1. A simple problem
Suppose that we are looking for a particular value in an unsorted array (and that we know that this value does appear somewhere in the array), and we are charged 1 unit for each array element we examine. The deterministic worst-case cost is easily seen to be exactly n: the adversary can simulate our deterministic algorithm to find the array location it looks at last, and put the target there. But for a randomized algorithm, we can reduce the average cost to (n+1)/2 using the following simple algorithm:
if fairCoin() = heads: for i=1 to n: if A[i] = x: return i else: for i=n downto 1: if A[i] = x: return i
The proof is that if the target is in A[k], then half the time we look at k elements, and the other half the time we look at n-k+1 elements; the expected cost is thus (1/2)(k+(n-k+1)) = (n+1)/2.
Can we do better? No (unless we can bring in magical quantum fairy dust—see Grover's algorithm). But how do we prove this?
2. Yao's lemma
Suppose we can find a distribution over inputs of size n such that every deterministic algorithm has average cost ≥T on this distribution (slightly more formally, ∀M we have EX[cost(M(x))] ≥ T). Any randomized algorithm M(x,r) can be thought of as a random choice of a deterministic algorithm Mr(x). Since each Mr has EX[cost(Mr(x)) ≥ T], we get Er[EX[cost(Mr(X)]] ≥ T, which we can rewrite as EX[Er[cost(Mr(X))]] ≥ T. But then there is some particular x such that Er[cost(Mr(x))] ≥ T.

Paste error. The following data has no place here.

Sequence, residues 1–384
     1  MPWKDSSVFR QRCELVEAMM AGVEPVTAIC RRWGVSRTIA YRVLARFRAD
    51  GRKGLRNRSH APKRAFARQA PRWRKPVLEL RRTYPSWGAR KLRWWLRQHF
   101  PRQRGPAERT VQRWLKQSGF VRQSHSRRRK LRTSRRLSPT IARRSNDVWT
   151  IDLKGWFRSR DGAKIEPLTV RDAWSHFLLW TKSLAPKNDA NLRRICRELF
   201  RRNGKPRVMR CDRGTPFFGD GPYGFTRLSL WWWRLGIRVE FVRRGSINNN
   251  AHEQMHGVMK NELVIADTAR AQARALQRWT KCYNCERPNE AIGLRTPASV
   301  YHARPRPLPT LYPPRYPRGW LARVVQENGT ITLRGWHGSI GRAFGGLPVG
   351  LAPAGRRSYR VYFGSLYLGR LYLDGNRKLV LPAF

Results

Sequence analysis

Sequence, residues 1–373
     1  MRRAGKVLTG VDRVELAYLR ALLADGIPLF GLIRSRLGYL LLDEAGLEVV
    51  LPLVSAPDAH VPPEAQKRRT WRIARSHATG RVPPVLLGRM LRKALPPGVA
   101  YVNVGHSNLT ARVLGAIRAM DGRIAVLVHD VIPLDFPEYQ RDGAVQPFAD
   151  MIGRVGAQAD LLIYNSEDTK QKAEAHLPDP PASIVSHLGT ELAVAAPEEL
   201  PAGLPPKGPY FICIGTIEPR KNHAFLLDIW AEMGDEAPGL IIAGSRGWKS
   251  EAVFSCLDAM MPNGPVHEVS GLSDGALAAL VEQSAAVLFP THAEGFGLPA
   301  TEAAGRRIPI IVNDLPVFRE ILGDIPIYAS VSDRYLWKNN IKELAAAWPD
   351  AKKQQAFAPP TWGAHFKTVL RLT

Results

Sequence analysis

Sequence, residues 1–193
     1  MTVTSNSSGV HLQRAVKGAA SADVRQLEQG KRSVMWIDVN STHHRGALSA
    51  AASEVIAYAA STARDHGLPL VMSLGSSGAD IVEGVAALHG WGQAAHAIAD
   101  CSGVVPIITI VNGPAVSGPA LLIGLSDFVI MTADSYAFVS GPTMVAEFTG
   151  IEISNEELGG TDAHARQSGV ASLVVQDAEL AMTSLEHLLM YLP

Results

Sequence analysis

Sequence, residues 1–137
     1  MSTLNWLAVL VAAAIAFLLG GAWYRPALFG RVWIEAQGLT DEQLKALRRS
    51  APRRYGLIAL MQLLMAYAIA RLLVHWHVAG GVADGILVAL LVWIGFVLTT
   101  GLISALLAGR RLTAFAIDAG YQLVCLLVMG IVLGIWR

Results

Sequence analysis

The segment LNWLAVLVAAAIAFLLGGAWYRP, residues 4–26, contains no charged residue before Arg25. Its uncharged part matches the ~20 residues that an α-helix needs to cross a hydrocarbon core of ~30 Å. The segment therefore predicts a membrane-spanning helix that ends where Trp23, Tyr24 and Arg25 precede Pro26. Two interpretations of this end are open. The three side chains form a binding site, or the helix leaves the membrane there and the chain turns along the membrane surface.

In other words, if there is a single input distribution that makes all deterministic algorithms bad, for each randomized algorithm there is a single input that makes it bad. This is Yao's lemma.
3. Lower bound on the simple problem
Going back to our simple problem, suppose the adversary places the target in a uniform random location. For any deterministic algorithm, there is some sequence of locations it examines—and this sequence is fixed as long as it hasn't yet found the target, because the other locations always contain the same empty value. Assuming there are no duplicates in this sequence, the target is equally likely to be in the first n positions, giving an (n+1)/2 average-case cost to find it. Yao's lemma now implies that for any randomized algorithm there is a specific location we can put the target in so that the expected cost of the randomized algorithm is at least (n+1)/2.
4. Game tree evaluation
See AND/OR tree example from MotwaniRaghavan chapter 2.